The flight then took us over western Persia. Without doubt there was Persepolis down there somewhere, but pesky clouds prevented me from seeing the landscape. Oh well, one of these days I am sure to be able to visit it, especially now that the US-Iranian relations have taken the turn for the better.

We were delayed in Dubai for more than six hours due to the Emirates plane catching fire upon landing (fortunately, all passengers and crew were evacuated safely; unfortunately, one fire-fighter lost his life). We landed right next to the smoking ruins of the plane.

Finally, more than 24 hours after I started the trip, we drew near Singapore.


Singapore (in Sanskrit Singa Pura) means Lion City. But what struck me upon arrival was a jarring disconnect between first-world infrastructure and the tropical setting. I mean, I’ve been to a lot of tropical countries, and they all had signs of poverty all over them. Singapore seems to be unique.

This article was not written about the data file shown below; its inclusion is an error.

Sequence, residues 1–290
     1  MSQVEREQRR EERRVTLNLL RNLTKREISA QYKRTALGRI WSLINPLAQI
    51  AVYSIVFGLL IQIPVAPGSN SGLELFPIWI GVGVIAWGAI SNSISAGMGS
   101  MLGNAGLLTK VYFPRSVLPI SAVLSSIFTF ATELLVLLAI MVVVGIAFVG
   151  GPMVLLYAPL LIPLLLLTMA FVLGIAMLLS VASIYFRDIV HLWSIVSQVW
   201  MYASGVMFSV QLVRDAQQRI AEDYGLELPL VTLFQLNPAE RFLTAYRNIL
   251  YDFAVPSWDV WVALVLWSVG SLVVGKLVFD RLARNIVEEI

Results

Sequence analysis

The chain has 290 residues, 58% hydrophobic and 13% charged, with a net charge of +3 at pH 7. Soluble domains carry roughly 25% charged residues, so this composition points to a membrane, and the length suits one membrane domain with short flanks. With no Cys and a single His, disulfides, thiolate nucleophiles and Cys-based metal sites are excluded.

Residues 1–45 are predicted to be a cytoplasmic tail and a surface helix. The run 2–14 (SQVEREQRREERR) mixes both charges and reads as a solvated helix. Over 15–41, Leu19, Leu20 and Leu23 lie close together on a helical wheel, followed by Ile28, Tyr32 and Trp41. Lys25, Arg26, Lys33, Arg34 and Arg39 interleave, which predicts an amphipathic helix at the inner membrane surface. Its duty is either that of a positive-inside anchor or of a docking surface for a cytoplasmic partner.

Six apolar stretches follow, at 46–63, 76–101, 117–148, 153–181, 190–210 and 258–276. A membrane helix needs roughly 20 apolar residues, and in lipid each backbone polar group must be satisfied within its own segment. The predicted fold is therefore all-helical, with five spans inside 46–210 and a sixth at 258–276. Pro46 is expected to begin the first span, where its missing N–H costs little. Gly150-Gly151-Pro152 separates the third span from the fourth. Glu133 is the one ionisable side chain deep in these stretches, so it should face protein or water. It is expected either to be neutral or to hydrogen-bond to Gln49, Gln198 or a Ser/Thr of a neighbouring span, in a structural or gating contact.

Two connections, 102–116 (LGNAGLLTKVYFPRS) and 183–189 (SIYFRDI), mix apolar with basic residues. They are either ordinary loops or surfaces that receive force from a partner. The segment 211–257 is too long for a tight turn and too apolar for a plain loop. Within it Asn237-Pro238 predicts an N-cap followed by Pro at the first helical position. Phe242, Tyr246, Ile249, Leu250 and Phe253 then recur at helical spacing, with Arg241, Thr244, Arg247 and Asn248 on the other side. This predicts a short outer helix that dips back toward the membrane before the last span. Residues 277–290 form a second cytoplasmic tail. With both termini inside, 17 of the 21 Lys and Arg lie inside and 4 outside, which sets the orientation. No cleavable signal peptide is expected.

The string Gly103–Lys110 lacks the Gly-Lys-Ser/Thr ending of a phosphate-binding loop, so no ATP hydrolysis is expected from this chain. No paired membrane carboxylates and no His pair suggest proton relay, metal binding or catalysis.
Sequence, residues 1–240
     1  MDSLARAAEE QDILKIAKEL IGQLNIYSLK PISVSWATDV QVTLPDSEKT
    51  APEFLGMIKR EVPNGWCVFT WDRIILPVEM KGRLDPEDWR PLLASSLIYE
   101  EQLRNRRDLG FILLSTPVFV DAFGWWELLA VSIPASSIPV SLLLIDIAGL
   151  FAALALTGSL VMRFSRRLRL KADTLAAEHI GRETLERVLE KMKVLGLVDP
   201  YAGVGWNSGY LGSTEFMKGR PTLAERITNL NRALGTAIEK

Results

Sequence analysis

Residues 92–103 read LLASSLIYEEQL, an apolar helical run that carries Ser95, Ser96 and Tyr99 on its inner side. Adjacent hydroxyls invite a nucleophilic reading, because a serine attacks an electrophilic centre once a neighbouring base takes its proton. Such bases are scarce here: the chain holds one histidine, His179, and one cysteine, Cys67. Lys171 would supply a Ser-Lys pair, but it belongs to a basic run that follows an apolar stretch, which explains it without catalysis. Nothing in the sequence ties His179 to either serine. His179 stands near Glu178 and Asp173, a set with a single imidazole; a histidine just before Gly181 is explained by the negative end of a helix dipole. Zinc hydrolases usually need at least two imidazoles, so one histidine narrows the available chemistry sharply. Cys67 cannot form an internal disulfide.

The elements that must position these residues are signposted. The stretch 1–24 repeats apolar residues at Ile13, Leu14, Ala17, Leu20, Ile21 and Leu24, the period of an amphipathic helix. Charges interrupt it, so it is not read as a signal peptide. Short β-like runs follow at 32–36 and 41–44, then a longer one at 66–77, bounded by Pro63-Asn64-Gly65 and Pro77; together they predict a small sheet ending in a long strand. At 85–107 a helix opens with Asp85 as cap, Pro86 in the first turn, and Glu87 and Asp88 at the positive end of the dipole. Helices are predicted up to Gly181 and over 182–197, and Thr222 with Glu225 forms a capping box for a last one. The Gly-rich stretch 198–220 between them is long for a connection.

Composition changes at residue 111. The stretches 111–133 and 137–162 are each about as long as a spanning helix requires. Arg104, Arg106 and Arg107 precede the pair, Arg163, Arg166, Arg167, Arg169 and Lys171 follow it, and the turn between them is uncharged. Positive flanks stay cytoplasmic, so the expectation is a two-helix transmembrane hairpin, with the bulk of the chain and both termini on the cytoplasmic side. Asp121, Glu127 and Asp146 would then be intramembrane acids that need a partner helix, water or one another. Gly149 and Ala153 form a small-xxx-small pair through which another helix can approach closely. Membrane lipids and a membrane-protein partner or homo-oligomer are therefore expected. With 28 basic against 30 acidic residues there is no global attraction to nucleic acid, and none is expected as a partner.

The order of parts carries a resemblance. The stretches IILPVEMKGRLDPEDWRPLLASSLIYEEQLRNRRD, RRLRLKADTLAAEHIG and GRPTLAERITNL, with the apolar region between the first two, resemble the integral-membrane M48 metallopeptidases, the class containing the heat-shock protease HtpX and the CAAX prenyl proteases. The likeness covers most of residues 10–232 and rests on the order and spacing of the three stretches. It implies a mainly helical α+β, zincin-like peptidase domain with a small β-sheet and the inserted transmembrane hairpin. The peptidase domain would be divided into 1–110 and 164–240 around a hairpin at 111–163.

The city and the university campus, where I am based, literally drown in a sea of green. I know this is a cliche, but the city drowns in vegetation. Here’s the view from my hotel room:


And here’s what the NTU campus looks like:


I’ve been very busy since arrival — so far I gave two talks (one here at NTU, the other at the National University of Singapore). On Friday I give another talk at the NTU Complexity Institute, and next week we are running a Seshat workshop on SE Asian history. So things are busy, but I hope to have a little time to continue my travelogue.


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“But what struck me upon arrival was a jarring disconnect between first-world infrastructure and the tropical setting. I mean, I’ve been to a lot of tropical countries, and they all had signs of poverty all over them. Singapore seems to be unique.”